As you may recall, we'd just cancelled our flight home due to the unknowns of Covid-19, but were still in exploration mode as we entered the Valley of Fire State Park in southeastern Nevada.
Our trip to the Valley of Fire was somewhat opportunistic to say the least. A year before this trip ever even crossed my mind, I'd seen a photo on Flickr that had caught my eye. Sharp as ever, I completely forgot to save the photo or a link to the photo , but - luckily for me - the photo had been geotagged and I'd saved a point of interest in my Google Earth map of Nevada. I'd noticed that point as I'd planned this trip, and mapped out the route, excited to see what nature had in store. So yeah, apparently, I'm not always as dumb as I look. In researching Valley of Fire, I also discovered a second hike -rumored to have petroglyphs - and since it was on our way to the main attraction, we decided to stop off there first.
Called Mouse's Tank, we pulled into a parking lot packed with cars and people. Socially distancing themselves from downtown but not other people, seemingly half of Las Vegas out enjoying nature and the nice weather. As much as we may think it strange, seeing so many people on this hike does make me understand the closing of parks at a time like this; people gathering in near proximity to so many others, even outside, is no different than gathering at a concert or convention.
We aren't generally thrilled by crowded spaces when adventuring anyway, but we were here and figured we might as well check out the petroglyphs - so we headed down the well-trodden trail while keeping our eyes peeled...and distance from other people. It wasn't long before we spotted the first set of rock carvings on the walls above us.
Running with Spongebob.
We continued along, equally entertained by the plentiful petroglyphs as well as the company - many of them so thoroughly out of place and completely oblivious to their surroundings that they wondered what we were taking photos of as we'd stop to look at the rocks around us.
The sandstone here was redder than what we'd come from in Gold Butte National Monument, but the towering spires were no less dramatic.
With all the foot traffic, the petroglyphs themselves were a little worse for the wear. Not to say we couldn't find some nice ones, but on average the less-than-careful clientele of this region had clearly taken a toll on the aging rock art. A few of our favorites:
After a half mile or so, we reached Mouse's Tank - a natural basin in the rock where water collects after each rainfall. Named for a Southern Paiute Indian - Little Mouse - the story goes that he was a renegade to the white settlers and even an outcast among his own tribe. One night after drinking, Little Mouse fired on an Indian camp, was captured, and then ferried across the Colorado River to Arizona. Allegedly, he escaped and killed two white prospectors and sought refuge from his pursuers in the Valley of Fire. Lawmen conducted several searches to try to bring him to justice with no success because of the Valley of Fire’s rugged landscape. Perplexed as to how the Indian could remain in the Valley for so long with no water running through it, they eventually realized that he'd found this natural depression in the rock and used the captured rain water to stay alive for months. However, in the summer of 1897, law enforcement found Little Mouse and ordered his surrender. Unwilling to give himself up, a one-hour gunfight ensued and he was eventually shot and killed.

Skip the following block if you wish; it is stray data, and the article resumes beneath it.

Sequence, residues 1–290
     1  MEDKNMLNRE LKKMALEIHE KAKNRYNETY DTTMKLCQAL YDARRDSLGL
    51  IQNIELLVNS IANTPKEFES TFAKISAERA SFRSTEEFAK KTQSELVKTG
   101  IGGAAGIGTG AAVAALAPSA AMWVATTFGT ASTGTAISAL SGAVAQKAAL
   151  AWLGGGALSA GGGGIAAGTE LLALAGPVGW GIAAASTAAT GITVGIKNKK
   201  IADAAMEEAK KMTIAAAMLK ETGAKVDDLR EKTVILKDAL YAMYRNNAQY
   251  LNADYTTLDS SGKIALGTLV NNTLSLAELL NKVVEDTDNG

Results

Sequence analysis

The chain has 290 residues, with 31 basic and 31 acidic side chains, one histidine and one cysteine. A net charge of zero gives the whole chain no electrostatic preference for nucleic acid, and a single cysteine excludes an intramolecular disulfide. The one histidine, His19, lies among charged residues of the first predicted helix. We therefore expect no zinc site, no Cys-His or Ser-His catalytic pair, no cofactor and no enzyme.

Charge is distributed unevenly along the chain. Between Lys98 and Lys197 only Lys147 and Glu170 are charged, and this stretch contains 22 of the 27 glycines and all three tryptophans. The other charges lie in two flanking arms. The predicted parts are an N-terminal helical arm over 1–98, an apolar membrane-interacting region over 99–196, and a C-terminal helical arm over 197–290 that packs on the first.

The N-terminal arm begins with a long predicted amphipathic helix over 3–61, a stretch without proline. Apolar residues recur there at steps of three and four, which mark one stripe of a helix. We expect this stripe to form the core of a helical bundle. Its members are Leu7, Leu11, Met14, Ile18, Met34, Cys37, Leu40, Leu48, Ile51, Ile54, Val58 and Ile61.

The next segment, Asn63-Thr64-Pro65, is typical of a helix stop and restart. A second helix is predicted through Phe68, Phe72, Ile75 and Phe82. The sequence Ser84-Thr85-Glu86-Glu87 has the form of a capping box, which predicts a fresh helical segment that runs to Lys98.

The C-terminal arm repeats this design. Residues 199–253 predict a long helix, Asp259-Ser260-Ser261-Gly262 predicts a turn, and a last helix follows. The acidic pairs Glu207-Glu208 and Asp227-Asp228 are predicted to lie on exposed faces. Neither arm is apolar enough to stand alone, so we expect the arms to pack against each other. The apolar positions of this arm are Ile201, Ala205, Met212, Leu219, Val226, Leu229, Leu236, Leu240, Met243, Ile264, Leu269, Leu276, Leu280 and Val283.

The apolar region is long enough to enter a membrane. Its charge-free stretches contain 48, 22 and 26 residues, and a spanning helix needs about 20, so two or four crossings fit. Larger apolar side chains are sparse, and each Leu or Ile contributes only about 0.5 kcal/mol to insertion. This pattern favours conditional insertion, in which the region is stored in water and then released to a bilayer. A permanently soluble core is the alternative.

The view over the dry fall atop which Mouse's Tank sits.
The tank was full given the recent rain, and after waiting our turn to get a series of reasonably uncluttered photos, we turned ourselves around for a quick exit off the trail. No photos on our way back, our pace was significantly faster than those around us, and we reached the trailhead with little fuss. Well, except for the herd of Bighorn Sheep that we saw along the way and spent a few minutes tracking as they hopped from rock to rock.
Heading north to our next destination - the Fire Wave Trail - we made only one short pit stop at Rainbow Gorge. Here, at the top of a ridge dividing the northern and southern halves of the park, the landscape unfolded before us, all the nooks and canyons reminiscent of The Needles District of Canyonlands National Park, and a likely a tremendous place to explore at less crowded times.
As was the case with Mouse's Tank, the Fire Wave too was reasonably crowded on this Saturday afternoon in mid-March. We couldn't blame anyone, really - it was after all a sunny day in the mid-60°F's - but it did mean we did less meandering and more getting there and back on the three mile hike than we might otherwise have done.